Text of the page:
WEST PALM BEACH, Fla. — A program that has helped thousands of Palm Beach County residents during the pandemic could soon come to an end. A group of frontline workers says their job is far from over.
“It’s kind of like the glue that’s keeping us all together,” said Robin Bundy, a community health worker.
Bundy is out in the community 5 days a week.
“Bagging masks, hand sanitizers, of course, our education, gloves. Going out trying to find the areas you think would be most impacted,” said Bundy.
She’s one of 30 community health workers in Palm Beach County. For the last 6 months, she’s focused on helping to connect residents to resources to help them during the pandemic.
“The fact that their neighbors were trusted people, and they were giving them that vital information to keep them safe was important,” said Jaimie-Lee Bradshaw, Chief Strategic Initiatives Officer at Community Partners of South Florida.
The director of Palm Beach County Community Services, James Green said the model has worked. However, on Dec. 30 the CARES funding ends, leaving the program in limbo.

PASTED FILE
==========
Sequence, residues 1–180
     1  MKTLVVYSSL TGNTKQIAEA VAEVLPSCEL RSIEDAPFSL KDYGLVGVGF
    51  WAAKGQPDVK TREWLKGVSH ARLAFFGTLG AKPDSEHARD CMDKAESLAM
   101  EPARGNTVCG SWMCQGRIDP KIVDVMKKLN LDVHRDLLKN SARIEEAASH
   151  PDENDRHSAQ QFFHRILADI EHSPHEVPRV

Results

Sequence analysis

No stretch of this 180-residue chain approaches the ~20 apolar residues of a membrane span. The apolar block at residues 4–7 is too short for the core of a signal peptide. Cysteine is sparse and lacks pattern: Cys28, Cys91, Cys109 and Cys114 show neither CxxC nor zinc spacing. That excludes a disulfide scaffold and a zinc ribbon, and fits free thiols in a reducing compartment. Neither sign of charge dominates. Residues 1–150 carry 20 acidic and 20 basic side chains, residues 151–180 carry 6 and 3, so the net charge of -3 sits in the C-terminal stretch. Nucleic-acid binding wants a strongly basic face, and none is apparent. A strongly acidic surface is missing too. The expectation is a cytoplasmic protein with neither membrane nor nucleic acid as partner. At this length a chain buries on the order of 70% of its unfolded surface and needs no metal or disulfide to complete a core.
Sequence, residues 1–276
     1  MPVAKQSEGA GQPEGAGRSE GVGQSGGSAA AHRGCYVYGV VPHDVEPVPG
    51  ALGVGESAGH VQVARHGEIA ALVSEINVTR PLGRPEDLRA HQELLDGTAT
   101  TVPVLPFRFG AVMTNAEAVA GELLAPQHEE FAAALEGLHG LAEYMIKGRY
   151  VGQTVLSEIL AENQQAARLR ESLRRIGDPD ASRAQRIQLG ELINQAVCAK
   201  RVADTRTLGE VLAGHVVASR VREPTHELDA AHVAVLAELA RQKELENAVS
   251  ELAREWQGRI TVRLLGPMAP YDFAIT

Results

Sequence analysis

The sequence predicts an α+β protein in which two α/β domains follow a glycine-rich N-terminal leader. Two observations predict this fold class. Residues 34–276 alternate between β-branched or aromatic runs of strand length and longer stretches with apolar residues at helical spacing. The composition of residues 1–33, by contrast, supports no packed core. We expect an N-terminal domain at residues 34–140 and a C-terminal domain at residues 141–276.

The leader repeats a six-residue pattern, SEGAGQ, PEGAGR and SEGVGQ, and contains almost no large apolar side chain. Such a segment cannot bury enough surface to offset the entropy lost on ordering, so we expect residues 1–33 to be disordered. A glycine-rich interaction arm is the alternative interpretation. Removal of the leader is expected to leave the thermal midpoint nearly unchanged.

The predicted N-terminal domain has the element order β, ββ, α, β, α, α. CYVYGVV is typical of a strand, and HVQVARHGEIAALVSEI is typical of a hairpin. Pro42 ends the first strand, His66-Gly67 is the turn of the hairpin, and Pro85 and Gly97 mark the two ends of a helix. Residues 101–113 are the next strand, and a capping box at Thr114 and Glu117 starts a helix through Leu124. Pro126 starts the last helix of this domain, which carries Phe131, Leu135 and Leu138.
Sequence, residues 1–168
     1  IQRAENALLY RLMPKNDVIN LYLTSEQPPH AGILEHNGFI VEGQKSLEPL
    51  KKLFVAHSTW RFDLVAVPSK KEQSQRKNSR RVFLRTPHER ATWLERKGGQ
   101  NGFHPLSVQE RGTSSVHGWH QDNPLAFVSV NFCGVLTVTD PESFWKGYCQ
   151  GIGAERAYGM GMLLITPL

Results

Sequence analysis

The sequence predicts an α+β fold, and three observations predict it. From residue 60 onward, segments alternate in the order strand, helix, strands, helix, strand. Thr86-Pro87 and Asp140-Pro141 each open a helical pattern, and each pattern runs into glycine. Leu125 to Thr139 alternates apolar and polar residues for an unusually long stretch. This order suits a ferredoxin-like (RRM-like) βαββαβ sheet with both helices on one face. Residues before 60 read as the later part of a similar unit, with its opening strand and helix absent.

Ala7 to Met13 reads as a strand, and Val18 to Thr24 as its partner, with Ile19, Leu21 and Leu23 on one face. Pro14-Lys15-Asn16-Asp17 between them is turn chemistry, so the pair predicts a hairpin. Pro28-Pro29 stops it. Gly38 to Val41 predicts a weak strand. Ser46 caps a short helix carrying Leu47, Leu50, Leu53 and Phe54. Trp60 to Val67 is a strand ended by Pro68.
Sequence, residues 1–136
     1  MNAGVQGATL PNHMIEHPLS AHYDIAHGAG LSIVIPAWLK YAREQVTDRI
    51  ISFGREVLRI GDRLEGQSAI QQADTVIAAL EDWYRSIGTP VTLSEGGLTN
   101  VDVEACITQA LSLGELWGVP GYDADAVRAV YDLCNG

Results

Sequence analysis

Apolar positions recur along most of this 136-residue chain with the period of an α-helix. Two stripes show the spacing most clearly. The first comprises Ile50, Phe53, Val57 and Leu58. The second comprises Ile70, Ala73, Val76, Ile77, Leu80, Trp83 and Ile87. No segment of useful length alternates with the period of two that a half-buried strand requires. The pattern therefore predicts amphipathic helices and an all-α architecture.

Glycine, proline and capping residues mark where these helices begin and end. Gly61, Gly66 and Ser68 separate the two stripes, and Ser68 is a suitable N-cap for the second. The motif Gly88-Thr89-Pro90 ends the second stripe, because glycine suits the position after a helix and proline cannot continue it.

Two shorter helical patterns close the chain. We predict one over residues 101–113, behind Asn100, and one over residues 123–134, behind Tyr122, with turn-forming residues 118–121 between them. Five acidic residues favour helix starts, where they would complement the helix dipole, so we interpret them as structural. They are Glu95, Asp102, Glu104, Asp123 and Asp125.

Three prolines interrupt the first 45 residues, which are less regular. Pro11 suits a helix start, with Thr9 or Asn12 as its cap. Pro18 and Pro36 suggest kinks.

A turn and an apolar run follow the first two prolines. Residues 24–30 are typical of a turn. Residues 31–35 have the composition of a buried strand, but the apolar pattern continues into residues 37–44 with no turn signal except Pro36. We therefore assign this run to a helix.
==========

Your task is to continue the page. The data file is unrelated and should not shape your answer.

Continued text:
“When it comes to rent, utility, and food assistance, we are seeing equitable distribution of the dollars and these referral communication strategies are indeed effective,” Green said.
On average, each community worker receives around 3,000 a month for supplies and their work. Green believes they could be a critical role in combatting COVID.
“What’s at stake is if individuals don’t trust the vaccine then they won’t get it. If people choose not to get vaccinated, we’ll see a continuation of the spread of COVID-19,” he added.
“We know we are making a difference; we know we are helping people. Now, who is going to help them,” added
Community partners and the county are hoping to raise money to keep at least some of the workers employed.
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